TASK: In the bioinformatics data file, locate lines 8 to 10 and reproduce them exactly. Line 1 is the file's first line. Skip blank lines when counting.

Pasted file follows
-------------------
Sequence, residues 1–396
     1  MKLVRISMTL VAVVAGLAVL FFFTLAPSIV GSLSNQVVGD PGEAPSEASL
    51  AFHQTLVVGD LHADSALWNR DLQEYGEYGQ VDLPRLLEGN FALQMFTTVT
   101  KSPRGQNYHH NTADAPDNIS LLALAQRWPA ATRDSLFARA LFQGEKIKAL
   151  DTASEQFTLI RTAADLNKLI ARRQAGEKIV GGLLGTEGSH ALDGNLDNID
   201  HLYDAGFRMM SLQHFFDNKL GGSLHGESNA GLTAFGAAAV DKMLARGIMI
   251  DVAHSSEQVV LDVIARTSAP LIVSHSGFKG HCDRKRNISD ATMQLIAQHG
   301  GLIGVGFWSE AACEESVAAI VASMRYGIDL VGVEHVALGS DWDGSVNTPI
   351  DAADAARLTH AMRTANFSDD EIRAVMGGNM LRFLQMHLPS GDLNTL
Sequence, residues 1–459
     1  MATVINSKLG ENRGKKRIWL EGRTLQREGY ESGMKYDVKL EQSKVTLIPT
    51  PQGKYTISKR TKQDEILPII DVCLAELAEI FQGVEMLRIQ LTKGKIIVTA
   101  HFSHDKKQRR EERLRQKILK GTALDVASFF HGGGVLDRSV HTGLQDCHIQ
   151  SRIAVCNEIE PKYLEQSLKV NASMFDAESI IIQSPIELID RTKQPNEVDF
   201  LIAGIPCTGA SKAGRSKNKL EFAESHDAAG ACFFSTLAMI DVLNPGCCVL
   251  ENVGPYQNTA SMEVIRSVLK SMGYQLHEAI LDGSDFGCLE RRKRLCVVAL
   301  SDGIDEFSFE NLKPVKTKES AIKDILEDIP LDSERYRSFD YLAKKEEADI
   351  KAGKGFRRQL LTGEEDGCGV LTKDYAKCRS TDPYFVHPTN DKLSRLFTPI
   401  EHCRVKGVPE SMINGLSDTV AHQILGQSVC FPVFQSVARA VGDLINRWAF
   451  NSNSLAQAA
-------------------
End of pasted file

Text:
   301  GLIGVGFWSE AACEESVAAI VASMRYGIDL VGVEHVALGS DWDGSVNTPI
   351  DAADAARLTH AMRTANFSDD EIRAVMGGNM LRFLQMHLPS GDLNTL
Sequence, residues 1–459